There’s a point about halfway through ‘Chapter 3’ when it suddenly becomes clear what the Mandalorian is. Our hero has just broken the assassin’s code and gone after the guy who hired him – and we cut to a scene in a shady saloon full of bounty hunters where everyone’s phone (“pucks”, whatever) suddenly goes off, putting a price on the Mandalorian’s own head. It might look like a classic western and feel like a samurai movie, but this is really just John Wick in space. Not that there’s anything wrong with that.
Three episodes in and we still don’t actually know anything about the Mandalorian. Regrouping with Bounty Guild boss Greef Karga (an annoyingly wooden Carl Weathers) the third chapter attempts to fill in some of the blanks. For starters, we now know that it’s okay to call him “Mando”. More importantly, we know that there’s something under the helmet that’s worth caring about.
Returning to the Client with Baby Yoda in tow, Mando hands him over and collects his reward. The fact that Karga says the Client might want to “eat it or hang it on his wall” thankfully doesn’t sit too well with Mando’s hazy code of ethics, and he eventually breaks back into the compound and steals back the baby – kickstarting a chain of events that are obviously going to shape the rest of the series. But, interestingly, there’s more to his decision than simple compassion.
We know, for example, that Mando has a dark past that has something to do with the Empire. When he’s having his shiny new suit made (smelted out of whatever currency he’s paid in), we get a few more flashbacks to a kid running from an Imperial droid as it wipes out a village full of humans. Was young Mando orphaned by the Empire? Or was he taking part in the attack? It’s another shade of grey to colour an already sketchy character at the centre of all this – and another nod towards classic antiheroes like Clint Eastwood’s Man With No Name, ever the inspiration for the look and tone of the whole show.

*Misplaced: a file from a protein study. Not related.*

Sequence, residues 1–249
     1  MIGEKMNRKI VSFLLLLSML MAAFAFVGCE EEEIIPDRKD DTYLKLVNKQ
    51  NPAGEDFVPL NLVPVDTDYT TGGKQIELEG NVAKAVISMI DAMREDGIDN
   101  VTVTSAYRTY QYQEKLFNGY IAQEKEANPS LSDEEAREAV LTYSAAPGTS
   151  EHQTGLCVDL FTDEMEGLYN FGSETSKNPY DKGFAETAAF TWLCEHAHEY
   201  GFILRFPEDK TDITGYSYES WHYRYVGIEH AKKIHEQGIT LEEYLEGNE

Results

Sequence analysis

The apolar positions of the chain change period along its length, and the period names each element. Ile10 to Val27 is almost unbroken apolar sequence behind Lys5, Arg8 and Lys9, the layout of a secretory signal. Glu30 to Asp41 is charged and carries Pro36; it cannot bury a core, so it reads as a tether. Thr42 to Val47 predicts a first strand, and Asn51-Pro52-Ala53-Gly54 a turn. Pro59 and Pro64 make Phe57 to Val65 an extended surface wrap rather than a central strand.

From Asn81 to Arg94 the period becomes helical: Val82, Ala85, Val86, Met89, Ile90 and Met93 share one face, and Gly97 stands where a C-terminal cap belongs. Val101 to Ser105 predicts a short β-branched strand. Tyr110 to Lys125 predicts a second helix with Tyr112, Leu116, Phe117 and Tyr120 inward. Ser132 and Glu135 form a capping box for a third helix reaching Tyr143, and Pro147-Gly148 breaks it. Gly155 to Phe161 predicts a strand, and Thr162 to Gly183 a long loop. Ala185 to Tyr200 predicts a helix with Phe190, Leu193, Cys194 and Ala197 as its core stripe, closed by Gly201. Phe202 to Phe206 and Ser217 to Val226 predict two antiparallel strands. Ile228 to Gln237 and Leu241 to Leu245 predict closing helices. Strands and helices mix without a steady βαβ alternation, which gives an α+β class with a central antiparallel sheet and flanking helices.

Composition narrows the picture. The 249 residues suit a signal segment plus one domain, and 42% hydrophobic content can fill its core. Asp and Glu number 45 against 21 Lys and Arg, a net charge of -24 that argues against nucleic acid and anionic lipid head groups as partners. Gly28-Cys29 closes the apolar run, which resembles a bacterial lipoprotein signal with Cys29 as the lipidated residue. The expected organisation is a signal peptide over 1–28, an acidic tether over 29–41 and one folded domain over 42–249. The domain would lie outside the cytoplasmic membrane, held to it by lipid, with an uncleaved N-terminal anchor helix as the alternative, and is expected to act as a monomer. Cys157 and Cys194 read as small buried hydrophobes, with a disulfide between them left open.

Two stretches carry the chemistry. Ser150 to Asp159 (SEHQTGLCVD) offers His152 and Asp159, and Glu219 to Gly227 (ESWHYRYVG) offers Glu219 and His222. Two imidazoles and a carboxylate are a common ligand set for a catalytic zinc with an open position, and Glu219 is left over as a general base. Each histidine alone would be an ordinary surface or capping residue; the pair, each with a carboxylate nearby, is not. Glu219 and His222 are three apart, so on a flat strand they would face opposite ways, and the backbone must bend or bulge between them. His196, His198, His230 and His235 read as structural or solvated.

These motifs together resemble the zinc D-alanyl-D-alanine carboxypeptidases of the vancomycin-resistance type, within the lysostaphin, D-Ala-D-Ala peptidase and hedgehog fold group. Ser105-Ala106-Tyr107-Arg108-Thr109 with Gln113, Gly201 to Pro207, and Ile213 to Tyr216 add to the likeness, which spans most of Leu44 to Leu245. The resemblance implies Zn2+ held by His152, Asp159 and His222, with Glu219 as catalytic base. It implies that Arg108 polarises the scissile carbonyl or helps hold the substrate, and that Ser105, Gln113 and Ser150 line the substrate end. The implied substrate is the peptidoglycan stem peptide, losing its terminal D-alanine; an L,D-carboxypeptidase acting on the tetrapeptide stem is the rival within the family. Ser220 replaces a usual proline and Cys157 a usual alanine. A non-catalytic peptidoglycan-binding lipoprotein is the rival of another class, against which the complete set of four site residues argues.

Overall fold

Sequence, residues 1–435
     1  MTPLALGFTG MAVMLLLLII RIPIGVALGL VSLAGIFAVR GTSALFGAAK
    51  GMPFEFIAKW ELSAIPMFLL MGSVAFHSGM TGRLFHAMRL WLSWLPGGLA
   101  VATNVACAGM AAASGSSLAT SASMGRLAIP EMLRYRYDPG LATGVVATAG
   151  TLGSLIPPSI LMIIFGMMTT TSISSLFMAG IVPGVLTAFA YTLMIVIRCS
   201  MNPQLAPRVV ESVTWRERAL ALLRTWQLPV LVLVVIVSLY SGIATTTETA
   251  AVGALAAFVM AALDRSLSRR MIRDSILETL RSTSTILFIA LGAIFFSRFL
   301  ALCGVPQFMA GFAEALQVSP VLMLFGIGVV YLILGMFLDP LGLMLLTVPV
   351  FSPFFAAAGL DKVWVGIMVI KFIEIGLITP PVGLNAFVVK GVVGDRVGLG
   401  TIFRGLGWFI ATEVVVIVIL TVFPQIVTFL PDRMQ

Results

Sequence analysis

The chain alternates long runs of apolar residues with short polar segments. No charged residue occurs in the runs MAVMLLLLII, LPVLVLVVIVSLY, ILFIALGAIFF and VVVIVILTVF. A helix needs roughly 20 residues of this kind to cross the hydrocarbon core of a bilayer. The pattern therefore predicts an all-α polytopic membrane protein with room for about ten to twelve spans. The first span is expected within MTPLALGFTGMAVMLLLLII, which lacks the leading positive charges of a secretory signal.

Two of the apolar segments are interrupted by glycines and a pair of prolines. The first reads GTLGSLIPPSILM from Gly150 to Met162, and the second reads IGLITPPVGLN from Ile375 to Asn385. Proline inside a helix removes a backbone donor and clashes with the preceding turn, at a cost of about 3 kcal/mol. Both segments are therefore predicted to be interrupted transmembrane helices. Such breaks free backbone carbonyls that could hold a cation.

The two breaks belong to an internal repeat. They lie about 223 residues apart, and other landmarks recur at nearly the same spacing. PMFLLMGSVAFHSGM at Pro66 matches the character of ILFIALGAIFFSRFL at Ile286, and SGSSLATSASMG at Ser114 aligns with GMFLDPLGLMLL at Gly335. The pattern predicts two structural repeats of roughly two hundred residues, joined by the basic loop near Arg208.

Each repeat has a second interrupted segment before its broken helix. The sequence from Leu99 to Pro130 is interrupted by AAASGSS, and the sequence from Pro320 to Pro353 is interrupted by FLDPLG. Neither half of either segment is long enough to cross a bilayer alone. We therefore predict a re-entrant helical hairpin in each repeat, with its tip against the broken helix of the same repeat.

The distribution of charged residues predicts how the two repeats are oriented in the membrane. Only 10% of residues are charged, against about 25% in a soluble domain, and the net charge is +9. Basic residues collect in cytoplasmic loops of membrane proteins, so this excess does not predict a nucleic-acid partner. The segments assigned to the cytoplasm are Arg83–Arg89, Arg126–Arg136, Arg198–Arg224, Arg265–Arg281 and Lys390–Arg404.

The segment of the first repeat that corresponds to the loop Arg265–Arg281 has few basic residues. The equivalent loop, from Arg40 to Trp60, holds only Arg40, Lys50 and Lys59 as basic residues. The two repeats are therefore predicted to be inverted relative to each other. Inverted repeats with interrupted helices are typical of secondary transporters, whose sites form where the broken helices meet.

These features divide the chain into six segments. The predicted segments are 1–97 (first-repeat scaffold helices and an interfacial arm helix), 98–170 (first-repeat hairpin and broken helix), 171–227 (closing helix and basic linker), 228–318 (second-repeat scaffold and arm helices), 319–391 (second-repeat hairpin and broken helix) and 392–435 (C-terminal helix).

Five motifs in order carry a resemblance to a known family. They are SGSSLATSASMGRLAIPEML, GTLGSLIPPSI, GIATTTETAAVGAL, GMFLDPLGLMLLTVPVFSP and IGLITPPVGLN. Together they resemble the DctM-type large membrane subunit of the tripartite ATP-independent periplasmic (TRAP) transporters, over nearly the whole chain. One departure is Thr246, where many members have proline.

On the flip side, The Client is emerging as a nicely nuanced baddie too. Wearing an imperial chain around his neck, and mean enough to want to do something awful to cute little baby Yoda, he comes off something like an exiled general after the fall of the Nazi party – obviously still loyal to something (perhaps hinting at an arc for the show that will eventually tie into the films?) – but he’s tragic enough to have to run his whole operation from the back of a pub. It helps, of course, that Werner Herzog plays him so deliciously, wringing every ounce of weight from of every line and winning the show some serious pedigree.
Elsewhere, the action hits another high. Busting back in to take out The Client’s stormtroopers, and then his own ex-bounty hunter buddies, Mando finally lives up to his reputation as he kicks ass with a gun, a knive, a flame thrower and a big lance thing that turns people to dust. Kitted out in his new armor, and wielding an entire arsenal on his arms and legs (including some nifty new wrist-mounted tracer missiles), Mando leads us into Chapter Four looking pretty unstoppable. But with an entire galaxy full of bounty hunters now looking to go full John Wick on him as he goes into hiding with a baby in tow, he might need a lot more than just a nice new suit.
‘The Mandalorian’ ‘Chapter 3: The Sin’ streams on Disney+ in the UK this month